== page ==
4 Science-Backed Benefits of Massage That Go Beyond Relaxation

By Dana Poblete
Medical massage closeup.
credit: Gudenko-Alex/iStock/GettyImages

Taking time out for a massage is one of the most loving and luxurious experiences ever in life. (That is, unless you're extremely ticklish or squeamish about being touched by a stranger, in which case, reiki, aromatherapy, or good old fashioned meditation might be more your thing.) The best therapists can leave you feeling like a blissful, fluffy marshmallow moving in slow motion.

Aside from the obvious objectives, like relieving pain and relaxing the muscles, massage offers some surprising benefits that'll make you wish it could be a daily indulgence. But here's the secret: you actually can reap the benefits at home in between appointments. Read on to learn of the almighty powers of the massage.

Lessens Anxiety and Depression

If you're feeling edgy or sad, massage just might be the cure. "Massage activates your parasympathetic nervous system, connected to relaxation, and can decrease the stress hormone cortisol up to 50 percent," say Gara Post, co-founder of The NOW massage boutique, and Helen Lim, manager of The NOW Studio City. "Both brain neurotransmitters, dopamine and serotonin, increase as well, which can elevate your mood. Heart rate decreases and the mind can slow down and be more present. These are all good remedies for anxiety and depression."

Relieves Migraines and Headaches

In the midst of a pounding headache or killer migraine, reaching for a bottle of ibuprofen seems like the quickest and easiest fix. But opting for a massage instead addresses the root of the problem: muscle tension in the neck, face, and jaw. "When we massage the neck muscles and the ligaments that attach to the base of neck, we create blood flow, greater range of motion, and elongate those short and tight muscle bands, helping to alleviate the headache or impending migraine," say Post and Lim. They also blame an over scheduled lifestyle and eye strain and bad posture from driving and sitting at a computer for creating the tension in the first place. Try being more conscious of these habits and you might find your chronic headaches diminish.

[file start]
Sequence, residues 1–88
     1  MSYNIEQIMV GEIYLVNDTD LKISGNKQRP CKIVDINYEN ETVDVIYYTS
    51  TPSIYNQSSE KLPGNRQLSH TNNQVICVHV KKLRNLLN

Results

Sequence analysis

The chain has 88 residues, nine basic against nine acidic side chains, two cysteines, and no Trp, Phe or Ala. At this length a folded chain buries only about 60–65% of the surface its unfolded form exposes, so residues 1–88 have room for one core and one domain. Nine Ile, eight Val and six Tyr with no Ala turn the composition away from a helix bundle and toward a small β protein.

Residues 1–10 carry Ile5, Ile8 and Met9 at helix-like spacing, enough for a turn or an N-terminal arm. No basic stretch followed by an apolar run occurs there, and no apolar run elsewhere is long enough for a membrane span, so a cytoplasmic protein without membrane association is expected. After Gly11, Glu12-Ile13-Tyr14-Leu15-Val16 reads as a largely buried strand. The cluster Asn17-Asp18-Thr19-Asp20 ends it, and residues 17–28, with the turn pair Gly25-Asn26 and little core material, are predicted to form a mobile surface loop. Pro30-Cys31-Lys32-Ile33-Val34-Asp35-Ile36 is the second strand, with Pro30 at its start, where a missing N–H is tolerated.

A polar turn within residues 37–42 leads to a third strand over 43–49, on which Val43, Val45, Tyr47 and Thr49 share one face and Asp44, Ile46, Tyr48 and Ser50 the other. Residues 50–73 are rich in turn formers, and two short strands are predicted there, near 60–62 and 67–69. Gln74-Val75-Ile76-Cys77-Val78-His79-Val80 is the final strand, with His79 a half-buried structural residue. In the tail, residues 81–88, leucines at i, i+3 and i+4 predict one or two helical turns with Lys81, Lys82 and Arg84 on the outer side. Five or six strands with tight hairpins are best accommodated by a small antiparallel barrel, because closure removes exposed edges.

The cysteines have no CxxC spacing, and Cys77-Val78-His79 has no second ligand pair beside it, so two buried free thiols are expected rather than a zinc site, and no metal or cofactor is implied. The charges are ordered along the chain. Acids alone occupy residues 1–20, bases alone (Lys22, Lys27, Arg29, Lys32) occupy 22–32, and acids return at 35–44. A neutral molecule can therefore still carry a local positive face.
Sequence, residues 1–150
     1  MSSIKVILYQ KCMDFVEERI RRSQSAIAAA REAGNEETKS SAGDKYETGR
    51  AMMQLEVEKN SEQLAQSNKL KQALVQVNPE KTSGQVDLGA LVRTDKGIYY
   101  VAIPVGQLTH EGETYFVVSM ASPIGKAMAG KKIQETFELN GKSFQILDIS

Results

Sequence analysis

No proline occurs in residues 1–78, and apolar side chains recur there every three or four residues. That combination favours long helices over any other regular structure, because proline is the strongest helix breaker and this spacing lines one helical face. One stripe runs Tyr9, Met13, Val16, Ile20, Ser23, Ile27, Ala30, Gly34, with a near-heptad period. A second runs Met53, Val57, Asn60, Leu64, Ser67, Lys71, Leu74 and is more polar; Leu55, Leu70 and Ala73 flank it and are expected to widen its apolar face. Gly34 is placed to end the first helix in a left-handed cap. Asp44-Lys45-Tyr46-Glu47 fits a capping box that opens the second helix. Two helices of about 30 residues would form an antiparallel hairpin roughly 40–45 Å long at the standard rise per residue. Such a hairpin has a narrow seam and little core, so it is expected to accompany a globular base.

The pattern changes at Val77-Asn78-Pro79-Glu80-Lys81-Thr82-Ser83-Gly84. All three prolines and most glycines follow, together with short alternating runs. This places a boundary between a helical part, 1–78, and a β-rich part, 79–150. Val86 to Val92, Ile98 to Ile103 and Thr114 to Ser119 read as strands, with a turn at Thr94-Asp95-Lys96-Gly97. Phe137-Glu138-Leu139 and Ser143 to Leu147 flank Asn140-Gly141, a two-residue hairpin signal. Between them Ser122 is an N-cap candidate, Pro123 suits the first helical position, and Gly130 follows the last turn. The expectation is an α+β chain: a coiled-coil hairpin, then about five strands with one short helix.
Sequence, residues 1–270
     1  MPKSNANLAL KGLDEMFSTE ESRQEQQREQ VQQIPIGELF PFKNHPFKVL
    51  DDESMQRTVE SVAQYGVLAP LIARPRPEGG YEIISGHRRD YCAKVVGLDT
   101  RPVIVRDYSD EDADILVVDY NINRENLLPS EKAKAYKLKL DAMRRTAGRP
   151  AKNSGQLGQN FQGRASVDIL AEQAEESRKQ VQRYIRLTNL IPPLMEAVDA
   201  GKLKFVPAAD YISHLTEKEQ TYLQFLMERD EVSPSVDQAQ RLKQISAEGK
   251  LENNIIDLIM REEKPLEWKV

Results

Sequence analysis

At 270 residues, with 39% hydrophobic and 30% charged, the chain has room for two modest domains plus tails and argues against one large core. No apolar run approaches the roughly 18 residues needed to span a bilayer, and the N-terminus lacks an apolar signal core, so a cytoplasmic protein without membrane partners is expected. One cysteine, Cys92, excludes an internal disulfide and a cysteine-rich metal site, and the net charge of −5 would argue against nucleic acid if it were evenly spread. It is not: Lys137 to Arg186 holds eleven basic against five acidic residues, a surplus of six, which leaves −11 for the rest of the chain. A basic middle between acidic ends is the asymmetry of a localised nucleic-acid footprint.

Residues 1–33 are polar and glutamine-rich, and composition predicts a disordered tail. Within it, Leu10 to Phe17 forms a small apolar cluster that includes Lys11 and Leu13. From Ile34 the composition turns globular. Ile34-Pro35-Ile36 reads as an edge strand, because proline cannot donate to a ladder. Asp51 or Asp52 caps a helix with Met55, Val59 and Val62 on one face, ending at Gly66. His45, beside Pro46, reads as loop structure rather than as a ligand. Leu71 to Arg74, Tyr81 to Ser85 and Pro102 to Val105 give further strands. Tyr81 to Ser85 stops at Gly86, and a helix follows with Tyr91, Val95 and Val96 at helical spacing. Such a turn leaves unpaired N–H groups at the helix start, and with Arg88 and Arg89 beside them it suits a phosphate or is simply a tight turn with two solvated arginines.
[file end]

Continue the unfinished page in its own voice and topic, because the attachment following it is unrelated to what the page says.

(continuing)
Boosts Immune System

The Swedish massage, known for its long, gliding strokes, has shown positive effects on the immune system. A study out of Cedars-Sinai's Department of Psychiatry and Behavioral Neurosciences found that after receiving a 45-minute Swedish massage, subjects had an increase of lymphocytes, white blood cells that help defend the body from disease, as well as lower levels of cytokines, which are linked to inflammation.

Improves Sleep Quality

When your body is in relax mode after a session, better sleep is a byproduct of that. Several studies have shown that people report greater sleep hours, less sleep movements, and improvements in insomnia after receiving massage therapy. So if you find yourself tossing and turning at night, or zapped of energy during the day, a massage could be the trick to getting your sleep back on track.

How to Reap the Benefits at Home

Okay, not everyone has the luxury of seeing a massage therapist every single day, but there are a few tricks to getting the amazing benefits in between appointments. Post and Lim suggest self-massaging your feet, which have many nerve endings. "Take an essential oil mixed with a little cream and apply it to the bottoms of your feet. You will immediately feel more grounded and relaxed. Dry brushing is another great way to circulate lymph nodes and blood towards the heart and move toxins out of the system. You can also add some Naturopathica Sweet Birch Magnesium Bath Flakes to a warm bath. Magnesium is an essential mineral for proper muscle function and supports repair of sore muscles and stiff joints."

Whether you're looking for some stress relief or an ultimate migraine cure, massage has you covered. As if you needed more reasons to rationalize treating yourself.